I am really proud of the way the staff of the McGrath Health and Counseling Center embraced recycling. All of our staff is committed to the effort, and we now recycle approximately 50 percent of our waste. But that wasn?t always the case.
Just two years ago, many in our office bypassed the few-and-far-between recycling bins for the trash can. When I wondered aloud why this happened, I heard comments indicating confusion about what could and could not be recycled, worries about unsightly bins and empty pop cans attracting bugs, and a common disbelief that anything was truly being recycled.
So one day, after seeing food thrown in the recycling bin and empty pop cans thrown in the trash, I made a call to Stacy Decker of Physical Plant who, along with his other duties, is in charge of the University recycling program. Stacy sent me more cans (blue ones for each office) and large bins for our waiting room. He sent me a handout on what to recycle and what not to recycle. He contacted our cleaning contractor to emphasize needed training for custodial staff.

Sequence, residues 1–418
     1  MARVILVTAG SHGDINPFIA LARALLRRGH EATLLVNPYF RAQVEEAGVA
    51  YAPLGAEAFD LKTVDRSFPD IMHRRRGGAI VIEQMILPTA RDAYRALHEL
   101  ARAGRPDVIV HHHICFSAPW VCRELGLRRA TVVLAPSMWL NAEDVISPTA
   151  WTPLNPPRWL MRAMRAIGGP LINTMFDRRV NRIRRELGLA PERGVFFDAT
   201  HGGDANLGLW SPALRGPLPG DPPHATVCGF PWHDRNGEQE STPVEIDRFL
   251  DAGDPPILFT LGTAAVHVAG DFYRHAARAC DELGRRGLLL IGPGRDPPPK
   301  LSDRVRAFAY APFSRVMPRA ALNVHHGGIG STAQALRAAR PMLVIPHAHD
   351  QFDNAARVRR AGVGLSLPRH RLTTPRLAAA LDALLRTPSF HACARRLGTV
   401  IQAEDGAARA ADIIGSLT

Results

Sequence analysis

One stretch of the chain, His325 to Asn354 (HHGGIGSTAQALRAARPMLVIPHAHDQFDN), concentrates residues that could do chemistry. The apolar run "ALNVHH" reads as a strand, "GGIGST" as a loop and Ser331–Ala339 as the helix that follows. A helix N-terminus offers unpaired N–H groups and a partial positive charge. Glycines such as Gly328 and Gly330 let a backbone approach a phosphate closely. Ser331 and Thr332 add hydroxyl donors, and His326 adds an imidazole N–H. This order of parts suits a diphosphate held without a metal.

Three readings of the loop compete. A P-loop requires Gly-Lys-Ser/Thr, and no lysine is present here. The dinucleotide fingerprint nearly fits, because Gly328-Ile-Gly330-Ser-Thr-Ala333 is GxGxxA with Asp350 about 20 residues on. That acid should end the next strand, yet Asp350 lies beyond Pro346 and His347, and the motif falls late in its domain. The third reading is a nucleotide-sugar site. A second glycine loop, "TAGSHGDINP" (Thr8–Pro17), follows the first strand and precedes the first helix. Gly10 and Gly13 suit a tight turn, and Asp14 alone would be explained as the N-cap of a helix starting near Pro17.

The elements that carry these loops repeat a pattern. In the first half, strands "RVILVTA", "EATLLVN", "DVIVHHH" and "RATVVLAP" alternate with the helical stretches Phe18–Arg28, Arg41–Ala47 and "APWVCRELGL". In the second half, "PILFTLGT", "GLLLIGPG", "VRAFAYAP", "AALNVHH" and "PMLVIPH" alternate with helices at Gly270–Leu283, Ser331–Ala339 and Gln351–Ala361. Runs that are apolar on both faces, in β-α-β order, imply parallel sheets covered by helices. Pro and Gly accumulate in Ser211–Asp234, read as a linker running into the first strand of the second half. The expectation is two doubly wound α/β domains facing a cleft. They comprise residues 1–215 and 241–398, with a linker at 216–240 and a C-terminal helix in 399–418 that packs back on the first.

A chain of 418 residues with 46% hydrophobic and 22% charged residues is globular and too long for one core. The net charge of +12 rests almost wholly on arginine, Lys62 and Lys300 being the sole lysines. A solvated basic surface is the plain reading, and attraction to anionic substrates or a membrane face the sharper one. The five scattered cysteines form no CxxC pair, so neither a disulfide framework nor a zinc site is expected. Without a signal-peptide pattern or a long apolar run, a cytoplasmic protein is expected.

My boss was agreeable to putting recycling on our office staff meeting agenda. At our next staff meeting, we discussed proper recycling of material. With very little coaxing, all members were on board. After all, the staff of the HCC cares about the environment as well as making the world a better place for the next generation.
Our office staff made a commitment to recycling. We now find additional ways to green our office. We keep a tray by our fax and copy machines and reuse the paper when possible. We make double-sided copies as much as possible. We have replaced all light bulbs in lamps with energy-efficient bulbs, and we turn off lights when not in use. Step by step, we are moving to a more sustainable future. Potentially our next step could be the elimination of paper use in our office through the electronic medical record. But in the meantime, I may just put turning off computers at night on our next staff meeting agenda.
McGrath Health and Counseling Center